Marine Low Speed 

MAN B&W Engines Set Sights on Tier-II Limits

MAN Diesel & Turbo continues program of engine development

At the beginning of 2010, MAN Diesel & Turbo launched the first so-called “Tier II fuel optimisation” for a limited number of MAN B&W low speed diesel engines.

The company has now looked at its complete engine programme and investigated if the same SFOC reduction could be achieved. Against this background, it has been established that SFOC can be lowered by 1-2 g/kWh for a number of engines, while still complying with Tier-II NOx limits.

In the first release of the MAN B&W Tier II Engine Programme, the SFOC on mechanically controlled engines had increased by up to 6 g/kWh (MC & MC-C), whereas the electronically controlled engines, designated ME, saw a fuel penalty of only up to 4 g/kWh, thanks to the much better possibilities on the ME types for adjustment and control of the fuel injection and the opening/closing of the exhaust valve.

These new, Tier-II SFOC reductions are obtained through a combination of several factors depending on engine type, such as:

  • increased scavenge-air pressure
  • reduced compression ratio (two-stroke Miller timing)
  • increased maximum combustion pressure
  • adjustments of compression volume and design changes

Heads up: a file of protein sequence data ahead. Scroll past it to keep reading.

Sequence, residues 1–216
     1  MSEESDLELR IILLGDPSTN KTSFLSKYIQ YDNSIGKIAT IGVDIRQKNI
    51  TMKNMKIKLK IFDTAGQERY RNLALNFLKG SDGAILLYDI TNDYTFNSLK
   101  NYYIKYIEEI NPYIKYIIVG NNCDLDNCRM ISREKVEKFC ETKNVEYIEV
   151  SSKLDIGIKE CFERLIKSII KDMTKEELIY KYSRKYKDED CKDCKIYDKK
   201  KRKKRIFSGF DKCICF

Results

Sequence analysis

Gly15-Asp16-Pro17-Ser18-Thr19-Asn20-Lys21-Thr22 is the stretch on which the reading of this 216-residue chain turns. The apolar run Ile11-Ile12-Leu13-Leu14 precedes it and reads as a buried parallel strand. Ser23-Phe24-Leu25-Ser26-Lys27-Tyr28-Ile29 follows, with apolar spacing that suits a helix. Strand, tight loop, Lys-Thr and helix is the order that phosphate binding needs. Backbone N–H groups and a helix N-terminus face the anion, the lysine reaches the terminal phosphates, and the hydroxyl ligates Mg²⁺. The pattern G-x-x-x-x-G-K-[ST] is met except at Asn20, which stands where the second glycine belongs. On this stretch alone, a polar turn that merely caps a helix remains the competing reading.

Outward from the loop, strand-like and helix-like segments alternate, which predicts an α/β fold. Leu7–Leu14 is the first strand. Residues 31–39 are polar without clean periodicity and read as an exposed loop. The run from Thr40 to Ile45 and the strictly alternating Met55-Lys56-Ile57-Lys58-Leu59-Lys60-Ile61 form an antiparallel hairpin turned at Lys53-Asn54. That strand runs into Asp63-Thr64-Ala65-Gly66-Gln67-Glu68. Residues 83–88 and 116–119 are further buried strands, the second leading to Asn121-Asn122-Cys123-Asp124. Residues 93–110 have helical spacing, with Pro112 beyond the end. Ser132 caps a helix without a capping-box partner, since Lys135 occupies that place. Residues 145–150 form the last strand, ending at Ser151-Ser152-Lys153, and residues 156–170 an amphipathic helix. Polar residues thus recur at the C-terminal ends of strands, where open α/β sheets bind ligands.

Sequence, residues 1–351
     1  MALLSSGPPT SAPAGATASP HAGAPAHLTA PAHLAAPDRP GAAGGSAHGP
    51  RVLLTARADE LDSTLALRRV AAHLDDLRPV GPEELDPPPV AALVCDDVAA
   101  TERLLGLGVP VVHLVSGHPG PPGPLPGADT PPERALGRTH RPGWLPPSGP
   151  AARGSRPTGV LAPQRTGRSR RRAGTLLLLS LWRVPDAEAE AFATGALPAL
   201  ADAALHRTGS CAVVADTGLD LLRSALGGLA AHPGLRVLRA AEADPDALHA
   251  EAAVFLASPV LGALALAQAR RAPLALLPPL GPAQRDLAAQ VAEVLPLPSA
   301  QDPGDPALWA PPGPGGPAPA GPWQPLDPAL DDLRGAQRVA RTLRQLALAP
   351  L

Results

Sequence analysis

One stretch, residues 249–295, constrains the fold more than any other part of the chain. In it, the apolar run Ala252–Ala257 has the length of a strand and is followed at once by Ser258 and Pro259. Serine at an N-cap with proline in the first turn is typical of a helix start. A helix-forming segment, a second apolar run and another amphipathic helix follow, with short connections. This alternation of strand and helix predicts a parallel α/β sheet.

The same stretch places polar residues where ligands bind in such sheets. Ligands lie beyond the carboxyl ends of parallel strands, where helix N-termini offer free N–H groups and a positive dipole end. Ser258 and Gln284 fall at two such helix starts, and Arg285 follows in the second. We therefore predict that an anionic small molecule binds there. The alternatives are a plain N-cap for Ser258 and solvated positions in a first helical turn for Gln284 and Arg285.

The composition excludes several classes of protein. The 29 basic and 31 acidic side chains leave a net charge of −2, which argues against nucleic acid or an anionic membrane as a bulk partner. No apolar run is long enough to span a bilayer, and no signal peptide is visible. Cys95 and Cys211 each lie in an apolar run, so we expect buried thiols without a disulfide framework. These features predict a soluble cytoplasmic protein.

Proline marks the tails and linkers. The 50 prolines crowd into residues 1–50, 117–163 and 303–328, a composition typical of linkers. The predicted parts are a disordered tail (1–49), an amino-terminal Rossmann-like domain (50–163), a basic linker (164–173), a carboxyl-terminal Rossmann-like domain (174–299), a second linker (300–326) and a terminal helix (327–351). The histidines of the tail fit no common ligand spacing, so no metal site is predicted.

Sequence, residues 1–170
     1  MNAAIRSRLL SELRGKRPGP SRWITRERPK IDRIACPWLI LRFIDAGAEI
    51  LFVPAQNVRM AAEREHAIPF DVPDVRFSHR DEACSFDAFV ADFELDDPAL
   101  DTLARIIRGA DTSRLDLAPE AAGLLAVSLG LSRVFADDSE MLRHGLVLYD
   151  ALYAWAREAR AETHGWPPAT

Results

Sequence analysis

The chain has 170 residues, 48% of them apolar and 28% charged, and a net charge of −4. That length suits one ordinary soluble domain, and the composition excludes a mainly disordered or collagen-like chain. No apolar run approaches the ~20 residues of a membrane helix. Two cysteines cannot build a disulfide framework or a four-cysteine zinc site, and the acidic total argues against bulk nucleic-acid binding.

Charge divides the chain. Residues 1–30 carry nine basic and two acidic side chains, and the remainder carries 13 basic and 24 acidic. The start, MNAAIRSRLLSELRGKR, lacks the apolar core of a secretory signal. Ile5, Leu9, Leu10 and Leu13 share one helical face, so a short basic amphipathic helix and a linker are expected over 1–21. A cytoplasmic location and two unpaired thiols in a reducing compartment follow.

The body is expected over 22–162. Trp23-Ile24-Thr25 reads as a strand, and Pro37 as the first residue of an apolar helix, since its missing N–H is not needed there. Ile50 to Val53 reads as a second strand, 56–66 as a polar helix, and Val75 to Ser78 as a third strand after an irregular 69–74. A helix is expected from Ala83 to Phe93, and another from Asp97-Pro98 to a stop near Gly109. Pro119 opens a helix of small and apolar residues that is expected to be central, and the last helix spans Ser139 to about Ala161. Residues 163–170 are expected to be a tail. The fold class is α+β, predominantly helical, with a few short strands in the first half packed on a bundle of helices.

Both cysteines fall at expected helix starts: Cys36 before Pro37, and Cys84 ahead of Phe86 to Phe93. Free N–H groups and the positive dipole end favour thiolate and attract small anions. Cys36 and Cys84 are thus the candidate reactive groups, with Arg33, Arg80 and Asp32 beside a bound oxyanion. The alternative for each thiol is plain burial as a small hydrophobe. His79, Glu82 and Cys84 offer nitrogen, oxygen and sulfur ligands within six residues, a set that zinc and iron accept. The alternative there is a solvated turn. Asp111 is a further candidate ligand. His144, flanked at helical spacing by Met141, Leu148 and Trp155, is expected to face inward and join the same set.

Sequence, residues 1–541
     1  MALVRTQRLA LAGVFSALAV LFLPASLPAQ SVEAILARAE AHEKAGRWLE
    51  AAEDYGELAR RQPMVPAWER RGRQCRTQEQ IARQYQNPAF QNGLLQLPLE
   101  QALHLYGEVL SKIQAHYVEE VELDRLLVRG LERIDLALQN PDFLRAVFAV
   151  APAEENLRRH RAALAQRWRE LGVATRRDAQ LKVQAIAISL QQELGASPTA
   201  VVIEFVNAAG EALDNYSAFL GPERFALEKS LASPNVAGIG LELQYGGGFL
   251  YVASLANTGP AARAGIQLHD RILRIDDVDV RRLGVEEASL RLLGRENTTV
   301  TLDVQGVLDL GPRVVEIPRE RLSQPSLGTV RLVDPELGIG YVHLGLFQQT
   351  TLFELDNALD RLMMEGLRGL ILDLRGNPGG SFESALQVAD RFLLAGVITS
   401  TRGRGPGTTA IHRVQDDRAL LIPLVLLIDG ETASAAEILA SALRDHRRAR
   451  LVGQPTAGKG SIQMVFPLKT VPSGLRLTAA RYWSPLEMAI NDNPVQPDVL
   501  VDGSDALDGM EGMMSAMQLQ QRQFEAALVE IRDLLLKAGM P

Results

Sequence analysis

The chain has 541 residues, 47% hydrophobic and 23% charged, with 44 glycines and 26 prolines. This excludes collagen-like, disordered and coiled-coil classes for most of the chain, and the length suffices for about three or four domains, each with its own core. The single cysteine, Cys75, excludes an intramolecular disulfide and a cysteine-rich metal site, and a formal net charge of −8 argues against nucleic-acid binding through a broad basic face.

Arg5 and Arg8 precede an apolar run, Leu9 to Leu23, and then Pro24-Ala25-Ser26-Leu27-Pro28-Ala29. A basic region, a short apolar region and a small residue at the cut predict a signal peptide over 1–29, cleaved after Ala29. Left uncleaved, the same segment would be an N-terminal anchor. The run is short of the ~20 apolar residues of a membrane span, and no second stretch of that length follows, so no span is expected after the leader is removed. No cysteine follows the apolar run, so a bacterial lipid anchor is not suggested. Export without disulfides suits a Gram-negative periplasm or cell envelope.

In order to distinguish between the different IMO Tier-II versions of fuel optimisation, another number is introduced after the Mark designation, whereas the IMO Tier-I engines have no additional number, that is:

  • S80ME-C8/9 = original Mk 8/9 engine that complies with Tier I
  • S80ME-C8.1/9.1 = original Mk 8/9 engine that complies with Tier II
  • S80ME-C8.2/9.2 = the new fuel-optimised version that complies with Tier II

Ole Grøne, Senior Vice President of MAN Diesel & Turbo Low Speed Promotion and Sales said: “The original Tier-II engines and the fuel-optimised versions correspond to what others refer to as ‘cost-optimised’ engines and ‘economy-optimised’ engines. In this context, we direct attention to the improved low-load optimising possibilities, made available for both standard and fuel-optimised versions of our Tier II engine programme.” This can be achieved by using the low-load package technologies corresponding to and matching what others refer to as ‘delta’ and ‘low-load tuning’:

  • exhaust Gas Bypass (EGB) for ME/ME-C, MC/MC-C and ME-B engines
  • variable turbine area (VTA) of turbochargers for ME/ME-C, MC/MC-C and ME-B types
  • part-load tuning of ME/ME-C engines
  • turbocharger cut-out

Documentation on low-load package technologies is currently being prepared and for issue. In the intervening period, MAN Diesel & Turbo is ready to support interested customers with case studies of low-load package solutions for specific projects.